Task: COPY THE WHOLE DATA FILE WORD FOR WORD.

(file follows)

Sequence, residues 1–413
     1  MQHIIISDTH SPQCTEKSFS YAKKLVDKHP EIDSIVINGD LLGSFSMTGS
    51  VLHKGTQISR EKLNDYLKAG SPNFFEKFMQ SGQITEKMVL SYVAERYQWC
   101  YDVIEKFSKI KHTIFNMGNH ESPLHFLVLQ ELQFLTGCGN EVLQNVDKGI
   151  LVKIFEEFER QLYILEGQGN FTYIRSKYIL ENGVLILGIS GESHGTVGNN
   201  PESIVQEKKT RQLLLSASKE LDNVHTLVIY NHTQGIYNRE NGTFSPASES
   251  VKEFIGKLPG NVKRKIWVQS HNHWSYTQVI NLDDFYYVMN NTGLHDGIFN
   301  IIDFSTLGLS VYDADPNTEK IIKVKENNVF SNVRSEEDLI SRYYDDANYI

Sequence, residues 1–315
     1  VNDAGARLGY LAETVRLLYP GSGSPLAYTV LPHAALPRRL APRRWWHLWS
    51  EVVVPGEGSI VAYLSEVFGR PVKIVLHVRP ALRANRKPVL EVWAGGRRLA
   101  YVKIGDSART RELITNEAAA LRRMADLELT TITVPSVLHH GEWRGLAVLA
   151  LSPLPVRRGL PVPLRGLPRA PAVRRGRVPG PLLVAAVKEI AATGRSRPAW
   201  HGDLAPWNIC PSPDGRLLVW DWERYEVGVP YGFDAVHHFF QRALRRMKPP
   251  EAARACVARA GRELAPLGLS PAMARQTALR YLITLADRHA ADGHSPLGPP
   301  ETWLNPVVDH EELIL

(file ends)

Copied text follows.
Sequence, residues 1–413
     1  MQHIIISDTH SPQCTEKSFS YAKKLVDKHP EIDSIVINGD LLGSFSMTGS
    51  VLHKGTQISR EKLNDYLKAG SPNFFEKFMQ SGQITEKMVL SYVAERYQWC
   101  YDVIEKFSKI KHTIFNMGNH ESPLHFLVLQ ELQFLTGCGN EVLQNVDKGI
   151  LVKIFEEFER QLYILEGQGN FTYIRSKYIL ENGVLILGIS GESHGTVGNN
   201  PESIVQEKKT RQLLLSASKE LDNVHTLVIY NHTQGIYNRE NGTFSPASES
   251  VKEFIGKLPG NVKRKIWVQS HNHWSYTQVI NLDDFYYVMN NTGLHDGIFN
   301  IIDFSTLGLS VYDADPNTEK IIKVKENNVF SNVRSEEDLI SRYYDDANYI

Sequence, residues 1–315
     1  VNDAGARLGY LAETVRLLYP GSGSPLAYTV LPHAALPRRL APRRWWHLWS
    51  EVVVPGEGSI VAYLSEVFGR PVKIVLHVRP ALRANRKPVL EVWAGGRRLA
   101  YVKIGDSART RELITNEAAA LRRMADLELT TITVPSVLHH GEWRGLAVLA
   151  LSPLPVRRGL PVPLRGLPRA PAVRRGRVPG PLLVAAVKEI AATGRSRPAW
   201  HGDLAPWNIC PSPDGRLLVW DWERYEVGVP YGFDAVHHFF QRALRRMKPP
   251  EAARACVARA GRELAPLGLS PAMARQTALR YLITLADRHA ADGHSPLGPP
   301  ETWLNPVVDH EELIL